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If You Give Them Spices, They Will Cook!

My first trip to India was six years ago. I joined a group of six people in southern India for a gourmet tour with Diane Seed, which included cooking lessons, spice markets, and a lot of delicious spicy food in restaurants and tandoor huts on the beach. Two years later, I toured further north in New Delhi where I rode around with my friend, Vaibhav Chauhan, for five days eating in his favorite restaurants and the ancient markets. He also watched me cook in his friend’s home, and then helped eat the fruits of our labor. Since those two visits to India, I’ve taught a halfdozen

Indian cooking classes in my hometown of Tulsa, Oklahoma, and I’ve made Indian food a priority when developing menus and dinner parties. But I’ve noticed that the people I teach don’t go home and make the food they’ve learned in my Indian cooking classes. I know it can be intimidating learning a new cuisine, and the number of spices typically used in Indian food can be costly and take up a lot of space in the spice rack. So, I decided to stop teaching it for a while and throw an Indian dinner party.

I invited some of my favorite friends in the Tulsa food scene who would (hopefully) appreciate the effort and talk about the food for months to come. I was coincidentally fortunate to meet Lesley, an Indian man from New York who moved to Tulsa a few months ago. He and I started cooking together and I decided to let him in on my dinner party idea. We spent hours designing the menu, and days practicing and honing our dishes with loads of ingredients and spices we had both collected. In the end, I counted over 65 different ingredients used in the entire menu, which consisted of 18 dishes. I hired a friend to set up and decorate the tables in my backyard with Indian fabrics and pillows. The weather turned out to be perfect on the mid-October night, and the twinkling lights and live music made for an Indian celebration no one would forget.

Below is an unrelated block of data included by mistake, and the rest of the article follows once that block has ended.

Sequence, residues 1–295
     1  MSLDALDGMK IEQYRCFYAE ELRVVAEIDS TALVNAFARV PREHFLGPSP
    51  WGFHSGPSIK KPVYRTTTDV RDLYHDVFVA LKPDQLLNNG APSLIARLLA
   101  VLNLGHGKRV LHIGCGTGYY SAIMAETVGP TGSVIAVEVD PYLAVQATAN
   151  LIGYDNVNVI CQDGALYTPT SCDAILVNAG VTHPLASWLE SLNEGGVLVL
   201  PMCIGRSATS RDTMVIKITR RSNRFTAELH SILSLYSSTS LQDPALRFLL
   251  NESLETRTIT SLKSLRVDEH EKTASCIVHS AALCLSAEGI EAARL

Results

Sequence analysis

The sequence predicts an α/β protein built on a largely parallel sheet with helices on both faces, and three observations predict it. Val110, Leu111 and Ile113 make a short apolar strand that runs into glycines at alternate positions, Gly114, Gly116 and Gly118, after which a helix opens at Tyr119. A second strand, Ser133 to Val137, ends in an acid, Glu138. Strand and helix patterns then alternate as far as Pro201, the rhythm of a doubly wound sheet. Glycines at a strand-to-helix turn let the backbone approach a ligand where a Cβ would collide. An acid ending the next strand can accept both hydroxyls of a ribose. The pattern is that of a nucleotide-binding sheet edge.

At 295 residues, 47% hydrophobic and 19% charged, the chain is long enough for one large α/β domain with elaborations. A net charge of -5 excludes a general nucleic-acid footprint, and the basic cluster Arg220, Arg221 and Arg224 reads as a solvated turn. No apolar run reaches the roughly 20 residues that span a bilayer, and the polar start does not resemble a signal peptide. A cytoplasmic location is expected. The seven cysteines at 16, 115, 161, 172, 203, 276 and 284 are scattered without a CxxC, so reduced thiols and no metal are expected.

Thirty-five people attended our little party, and I wore one of the Indian dresses I had bought in New Delhi. I fired up my tandoor to make naan bread while Leslie finished the curries, and my assistant Lori kept us organized according to the lists she had made to keep us on track. By the end of the night everyone was full and happy. The dishes of curry were empty and the chutneys were nowhere to be seen after being consumed on the breads and papadums. We finished the night with orange cake made by my friend, Barbara. I was asked many times when I would teach another Indian food class. My reply was that I wouldn’t teach again until I figured out how to convince people to actually make it at home.

Well, it didn’t take long to come up with a plan. I decided to advertise a cooking class where I would teach six Indian dishes, and let everyone go home with a box containing seven small jars filled with different spices needed to make the recipes they had learned. It took a lot of time to label and fill those jars, but I was ready to try something new. I advertised on Facebook and by email, and the first class sold out in a day. I offered a second class, and it sold out in an hour. Both classes were huge successes and everyone was thrilled to take home their spice box.

I even offered to let them come back for refills since I had bought the spices in bulk from our local Indian grocer. It didn’t take long until I started receiving texts and emails from people saying they were using the spices and making the recipes they had learned. So, that’s the answer! If you give them spices, they will cook! I’m already starting the process of planning my next trip to India when I’m sure that I’ll gather more recipes for my Indian repertoire. In the meantime, I’m deciding on the theme of my next dinner party.

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